A theory of TD fluorescence in turbid media was recently presented . For completeness, we review the key results in this section. Consider a turbid imaging medium embedded with fluorophores, assumed to have discrete lifetime components τn = 1/Γn with associated yield distributions ηn(r). For tomography, optical sources, and detectors are arranged on the surface of the imaging medium. The fluorescence intensity measured at a wavelength λm, at detector position rd and time t, for an impulsive excitation at wavelength λx, position rs and t = 0, can be expressed as a multiexponential sum
It should be noted that the decay amplitudes An depend on time, in addition to the source and detector locations. Within the Born approximation, which assumes a single fluorescence emission event, the An’s define a linear inverse problem for the yield distributions of each lifetime component1
The Green’s functions used in (3) are simply the time-dependent background Green’s functions for light propagation (described by the transport or diffusion quations ) at the excitation and emission wavelengths, Gx and Gm, but evaluated with reduced absorptions, and , where v denoting the velocity of light in the medium.
The set of expressions (1)–(3) offers a compact and rigorous description of fluorescent light transport within turbid media. These expressions directly incorporate the lifetimes obtained from the decay of TD data into the reconstruction for the yield distributions. It should be noted that the Born approximation is only made for the excitation-fluorescence emission process: multiple interactions of the light with the background medium along the excitation and emission paths are implicitly accounted for through the dependence of the Green’s functions and on the respective total background absorptions and . The background absorptions can in general include the unknown fluorophore absorption in a nonlinear treatment. Also, and can be most generally obtained as solutions to the diffusion or transport equations at the excitation and emission wavelengths for arbitrary heterogenous media bounded by complex surfaces.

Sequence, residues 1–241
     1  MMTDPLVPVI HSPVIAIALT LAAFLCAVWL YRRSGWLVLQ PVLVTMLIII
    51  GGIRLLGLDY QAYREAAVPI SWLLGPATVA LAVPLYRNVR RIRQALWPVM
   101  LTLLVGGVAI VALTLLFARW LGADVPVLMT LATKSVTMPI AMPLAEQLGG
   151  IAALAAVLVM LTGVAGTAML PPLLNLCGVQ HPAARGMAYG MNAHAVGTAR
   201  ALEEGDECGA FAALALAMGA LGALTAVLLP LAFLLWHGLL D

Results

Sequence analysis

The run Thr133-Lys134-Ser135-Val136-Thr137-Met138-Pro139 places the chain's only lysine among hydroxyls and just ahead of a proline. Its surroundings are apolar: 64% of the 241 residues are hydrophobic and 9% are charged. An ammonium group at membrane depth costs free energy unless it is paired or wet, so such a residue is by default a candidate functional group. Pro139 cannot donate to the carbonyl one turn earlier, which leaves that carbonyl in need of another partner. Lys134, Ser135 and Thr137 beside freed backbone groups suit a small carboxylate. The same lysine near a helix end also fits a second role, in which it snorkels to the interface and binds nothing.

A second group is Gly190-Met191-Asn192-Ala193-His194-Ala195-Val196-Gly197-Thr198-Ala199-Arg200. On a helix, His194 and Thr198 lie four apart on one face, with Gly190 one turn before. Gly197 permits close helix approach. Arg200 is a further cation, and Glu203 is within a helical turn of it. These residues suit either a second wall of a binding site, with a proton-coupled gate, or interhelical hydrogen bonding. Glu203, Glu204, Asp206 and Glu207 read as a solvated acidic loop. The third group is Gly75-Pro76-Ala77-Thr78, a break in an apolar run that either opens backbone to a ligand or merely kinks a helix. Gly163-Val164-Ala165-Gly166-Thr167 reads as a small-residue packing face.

The theory developed in (1)–(3) can be applied to the entire TD data. This paper will however be concerned with the asymptotic or long time portion of the DFTR. At times longer than the evolution of the diffusive response of the background medium τd (which is smaller than the intrinsic absorption timescale τa = (vμa)−1 , , ), the TD expression in (1) smoothly goes over to an asymptotic limit where the amplitudes An become time independent . In this limit, the fluorescence decay factorizes into spatial and temporal components
The amplitudes, an, are the long time values of An, obtained by extending the upper limit of the time-integral on the right-hand side of (2) to ∞ with the understanding that the has completed its evolution and is constant in the asymptotic region 
where the CW weight functions are given by